Let me just say that while I plan on finishing the book, it is difficult to connect to. Each chapter reads like a vignette about the people the author meets in the places he goes. The one thread through these vignettes is Herry Nurdi, managing editor of the Islamist publication Sabili, who makes many of the introductions for Sadanand Dhume.
These 100 pages contain a prologue about Dhume’s experience in Bali when the bombings of 2002 occurred. An Indonesian Islamic extremist group was held responsible.
Chapter One is about the travels around Java meeting and talking with people about Islam, nationalism, Suharto, Sukarno, and culture. It is a whirlwind tour of VIP clubs featuring pop stars who write graphic poems about sex, drag performers, an Islamic televangelist, and Herry Nurdi. Just to name a few.
There’s so little context going from one part to the next that I feel lost a lot, and find myself asking “Now who is this guy?” It’s my hope that some of this will start to come together later in the book. There’s a lot of information to sift through.
Imagine what it would be like to leave a place where all your needs were met for a place in which you now have freedom of movement but must scrabble to meet your needs?
Adam had everything he wanted: a home, a thriving tailor business, food, a car that ran, women …
One day Evelyn quits her job waiting tables and comes home to find Adam having sex with one of his clients in the the bathtub. Enough already, Evelyn decides, and leaves to take the vacation to Hungary she and Adam had planned together without him.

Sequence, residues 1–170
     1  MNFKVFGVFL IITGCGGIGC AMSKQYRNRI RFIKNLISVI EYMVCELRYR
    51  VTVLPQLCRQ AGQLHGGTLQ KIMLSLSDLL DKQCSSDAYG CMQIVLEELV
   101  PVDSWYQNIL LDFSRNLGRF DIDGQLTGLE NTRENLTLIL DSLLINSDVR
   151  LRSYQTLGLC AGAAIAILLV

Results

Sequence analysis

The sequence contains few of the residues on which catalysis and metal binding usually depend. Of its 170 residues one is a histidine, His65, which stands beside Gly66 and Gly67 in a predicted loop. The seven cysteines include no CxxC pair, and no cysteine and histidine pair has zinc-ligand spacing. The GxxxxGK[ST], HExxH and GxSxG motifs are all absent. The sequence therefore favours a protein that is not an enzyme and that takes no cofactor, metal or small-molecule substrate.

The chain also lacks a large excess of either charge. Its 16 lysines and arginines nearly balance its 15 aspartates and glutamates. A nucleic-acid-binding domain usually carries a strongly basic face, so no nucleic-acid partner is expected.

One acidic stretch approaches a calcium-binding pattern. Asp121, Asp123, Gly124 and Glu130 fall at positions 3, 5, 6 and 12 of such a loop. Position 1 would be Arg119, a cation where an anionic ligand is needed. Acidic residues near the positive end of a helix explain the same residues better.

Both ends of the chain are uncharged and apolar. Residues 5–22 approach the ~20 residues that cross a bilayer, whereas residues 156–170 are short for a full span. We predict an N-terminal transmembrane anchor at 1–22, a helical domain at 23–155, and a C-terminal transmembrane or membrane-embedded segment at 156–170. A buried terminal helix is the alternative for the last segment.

Adam cannot understand what has gotten into Evelyn. He packs his car, including pet turtle, and heads off to follow her and friends, Simone and Michael, into Hungary. Throughout most of the book, he simply does not comprehend why Evelyn is so angry with him.
There is bickering galore as Evelyn tries to tell Adam why she’s mad, why she’s sleeping with Michael, and why she’s decided not to go back to East Germany, but wants to head into the West to make her own way.
Set against the history of politics in Eastern Europe (there’s a chronology included) and the fall of borders and, eventually, the Berlin Wall, Adam + Evelyn is Ingo Schulze‘s (German) version of what happens to Adam & Eve after God expels them from Eden and they must make their own way in the world.
Pages 199 – 284
Adam & Evelyn keep arguing, about nothing. It’s practically boring now. They’ve made it to the West, just as their car dies for good.
In their hotel room, Adam finds a copy of the bible and begins to read the creation story of Adam & Eve in Genesis.
The next morning, at breakfast, the mechanic returns to tell them he’ll buy the car from them. There’s just no fixing it.
Taking the money, they phone Adam’s aunt and uncle asking for a place to stay while he and Evelyn get settled in West Germany and begin again.
There’s an interrogation of sorts in an embassy so they can get their papers sorted and their continued living in the West will be approved. Adam continues to carry the bible he took from the hotel in Bavaria.
More bickering. Adam thinks getting to the West is going to be disastrous. Evelyn looks at it as a positive thing, at least she’ll get to go to university now. There’s a reunion with Katja, who introduces them to her boyfriend, Markel.
Evelyn learns she is pregnant. Adam wants to know who the father is, him or Michael. While staying with Adam’s family, he starts to look for clients but discovers that women buy ready-made off the rack and don’t want a custom tailor. He grouses. Evelyn keeps trying to cheer him up, to no avail.